We had no intention of stopping before we had seen a bit further along this coast but were getting the feeling that we had experienced the majority of what excites us in Spain. We love the culture here, the towns and cities are awash with places to eat and drink, which takes up most Spaniards' time, how do they find time to work?
We messed about a bit, visited Murcia, eat at Ikea next to the free aire, used another tram system and then headed back to the coast. Deciding on a town we had visited before, we checked out the beach parking we used previously and turns out motorhomes had been moved on from there. A village just outside of Aquilas had an aire with washing machines, no contest!
Next morning, washing done and blowing the breeze to dry, we utilised the magnificent cycle paths down into Aquilas and were met by a typical Spanish seaside town with harbour and two beaches, not the long line of boring apartments we saw last time. Evidently we had come into the town from the opposite side about a mile from the centre. Another nice find on the list, lovely coffee and an added bonus of sardines for lunch.

Janet and David ex of E Hagbourne have a place near Bedar, just down the road from us and invited us to visit, they did warn us of the tight bends on the steep hill to get to their place and I only had to reverse on one corner to get round. The view from their place is well worth it!
We had a couple of days catching up and walked a local mining ruta laid out by the local council in what used to be iron, copper and lead mines. There were a couple of tunnels and via ducts in these extensive, hilly workings. 22000 steps later, we needed the beer and ham, egg and chips lunchtime, Dave's suggestion I couldn't resist.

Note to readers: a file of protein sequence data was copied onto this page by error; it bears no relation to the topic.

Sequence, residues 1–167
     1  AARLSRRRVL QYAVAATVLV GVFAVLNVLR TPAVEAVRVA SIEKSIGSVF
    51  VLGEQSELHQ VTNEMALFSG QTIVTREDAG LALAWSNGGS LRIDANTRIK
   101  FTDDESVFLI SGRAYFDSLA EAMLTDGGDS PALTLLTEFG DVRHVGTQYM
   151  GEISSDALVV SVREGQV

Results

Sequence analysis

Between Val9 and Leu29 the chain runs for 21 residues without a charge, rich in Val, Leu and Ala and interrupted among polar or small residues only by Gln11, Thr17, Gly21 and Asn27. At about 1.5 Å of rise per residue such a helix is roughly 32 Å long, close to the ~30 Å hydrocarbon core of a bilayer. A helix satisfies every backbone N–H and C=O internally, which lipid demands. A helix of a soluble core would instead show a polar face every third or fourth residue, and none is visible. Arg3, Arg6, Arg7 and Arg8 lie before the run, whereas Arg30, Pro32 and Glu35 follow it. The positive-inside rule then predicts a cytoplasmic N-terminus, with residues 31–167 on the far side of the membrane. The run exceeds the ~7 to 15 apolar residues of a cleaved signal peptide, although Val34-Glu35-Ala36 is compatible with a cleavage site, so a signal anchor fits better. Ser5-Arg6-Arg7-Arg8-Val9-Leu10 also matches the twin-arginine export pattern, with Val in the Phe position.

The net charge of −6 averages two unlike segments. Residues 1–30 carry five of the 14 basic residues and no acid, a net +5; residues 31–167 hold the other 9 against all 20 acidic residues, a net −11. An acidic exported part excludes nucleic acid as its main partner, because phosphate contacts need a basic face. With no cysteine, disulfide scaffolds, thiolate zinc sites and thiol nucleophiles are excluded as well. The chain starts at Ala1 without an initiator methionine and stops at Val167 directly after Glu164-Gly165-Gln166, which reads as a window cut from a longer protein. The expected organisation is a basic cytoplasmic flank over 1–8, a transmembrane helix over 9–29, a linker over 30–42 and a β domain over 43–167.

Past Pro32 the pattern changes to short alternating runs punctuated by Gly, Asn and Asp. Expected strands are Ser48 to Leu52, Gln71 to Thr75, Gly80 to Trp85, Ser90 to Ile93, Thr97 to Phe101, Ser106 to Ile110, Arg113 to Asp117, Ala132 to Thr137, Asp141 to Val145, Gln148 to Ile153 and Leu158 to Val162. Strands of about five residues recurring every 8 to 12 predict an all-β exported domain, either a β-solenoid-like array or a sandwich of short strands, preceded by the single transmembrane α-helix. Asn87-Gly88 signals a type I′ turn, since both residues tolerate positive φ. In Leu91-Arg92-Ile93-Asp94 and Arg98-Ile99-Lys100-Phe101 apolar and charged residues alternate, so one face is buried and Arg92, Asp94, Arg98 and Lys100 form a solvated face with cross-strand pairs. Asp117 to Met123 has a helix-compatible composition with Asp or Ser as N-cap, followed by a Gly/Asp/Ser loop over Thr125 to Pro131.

Bédar view

Bédar view

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Just to let our readers know, it's not all beaches and ice cream, we have been dogged by high winds that rock the van at night and chases us off the beaches. Bit like sand in the egg sandwiches from my childhood.
We moved on to Vera, a small town we had visited in pre-motorhome days and parked the the bull ring. The market here winds through the narrow streets in the centre of town and we picked up veg cheaply with the rest of the locals and saw the biggest cabbages for sale we had ever seen.
On returning to the van, we checked out the bull ring and were invited, hustled I mean, into a tour by two old chaps we took to be curators. The bull ring is still in use and the last bull fight was in September, to the death! It all seems very savage and the tradition started as cavalry training in the 18th century, how did they jump to killing bulls in quiet a nasty way?
Vera bullring

Vera bullring


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Next couple of nights were beach stops and we visited the site at Mazarron that inspired the book The Guns of Navarone. The installation was built in 1933 on the top of a cliff to protect Cartegena harbour, all the way from Newcastle! The drive up the cliff road was interesting and the views spectacular. The castle that was built around the replacement looked a bit flimsy, but I suppose they had to have somewhere to fly a flag from.
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then San Javier for a flying visit with Jacky and Hughie then we headed back towards Alicante, via another couple of nights on the beach.
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Posted by cjpolley 11:54 Archived in Spain

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WOW....You were not kidding about a mega blog! So good to have you back and to join you both on your travels through your wonderful descriptive text Clive. Love to you both xxxx

by Scoop